The Texas Longhorns fought off injuries and 10 years of bad mojo to notch a victory over the worst Kansas State team fielded in many years, and reached 1-0 in conference play. 1 down, 8 to go!
38 - 115 (3.03) - 3: Kansas State rushing attempts - rushing yards (yards per carry) - rushing TDs
Week 2 of the Greg Robinson project started to show some improvement over the dreadful performances against BYU and Ole Miss. The defensive tackles posted their best game of the season, controlling blocks and letting linebackers play clean and untouched. The defensive ends played sound on the outside, stringing out outside run plays to a back seven legitimately flowing to the ball. Against the option, the outside run force continually forced the pitch and rallied to the outside back, one time forcing a fumble from John Hubert. Hubert, one of the better backs in the conference, was limited to 41 yards on 12 carries, and QB Daniel Sams, the focus of much of Kansas State's offensive strategy headed into the game, was largely disregard after early struggles.
Greg Robinson, take a bow. The Kansas State offensive line is a work in progress, but Robinson has this team playing respectable defense in two weeks with clear, coherent game plans, and now has a bye week and Thursday game to continue to build and install his imprint on the defense.
3, 4 - 20, 10 - 30: Texas defense turnovers, sacks - yards lost, tackles for loss - yards lost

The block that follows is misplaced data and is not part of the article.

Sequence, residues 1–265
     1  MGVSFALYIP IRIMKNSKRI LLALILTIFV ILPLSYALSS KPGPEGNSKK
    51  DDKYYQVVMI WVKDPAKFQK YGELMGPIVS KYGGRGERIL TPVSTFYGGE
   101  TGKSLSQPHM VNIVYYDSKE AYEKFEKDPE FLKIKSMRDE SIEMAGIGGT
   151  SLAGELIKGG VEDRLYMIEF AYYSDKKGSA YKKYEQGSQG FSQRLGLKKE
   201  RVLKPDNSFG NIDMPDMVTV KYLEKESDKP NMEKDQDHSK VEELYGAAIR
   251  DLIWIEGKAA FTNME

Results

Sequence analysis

Included in the improved Texas defense's performance was the creation of many negative plays. Three turnovers in the run game: one fumble on a botched pitch when Mykkele Thompson played the option well, a Jake Water buttfumble that Dalton Santos fell on, and a strip sack fumble from Cedric Reed. The defense notched four sacks, two from Jackson Jeffcoat and one each from Cedric Reed and Steve Edmond. The 10 TFL (of 68 total offensive snaps for KSU) were led by Jordan Hicks' 2.5, Jeffcoat's 2, and Peter Jinkens' 1.5.
13 - 237 (18.2) - 0: KSU WR Tyler Lockett receptions - receiving yards (yards per catch) - receiving TDs
The speedy Tyler Lockett is a legitimate NFL prospect, and took turns torching Texas DBs in single coverage. Duke Thomas and Quandre Diggs took a few notable beatings deep, drawing tough assignments with no safety help, given Robinson's commitment to stopping the KSU run game. Great game from a special player. And while the Texas run D did not allow another career performance on the ground for an opponent, the 237 receiving yards is a school record for KSU. Uhh...progress?
81 - 452 (5.6) - 31: Texas offensive plays - total yards (yards per play) - points
The Texas offense cracked the desired 80+ plays per game mark, and posted a school best 452 yards against Kansas State. The production favored the first half, led by David Ash, with 6 drives going for 46 plays and 265 yards (5.76 yards per play) and 17 points. The second half started with three Case McCoy led drives of 29 plays and 159 yards (5.48 yards per play) and 14 points, before the final three drives of game icing.
28 - 144 (5.14) - 2: Johnathan Gray rushing attempts - rushing yards (yards per carry) - rushing TDs
9 - 40 (4.44) - 1: Malcolm Brown rushing attempts - rushing yards (yards per carry) - rushing TDs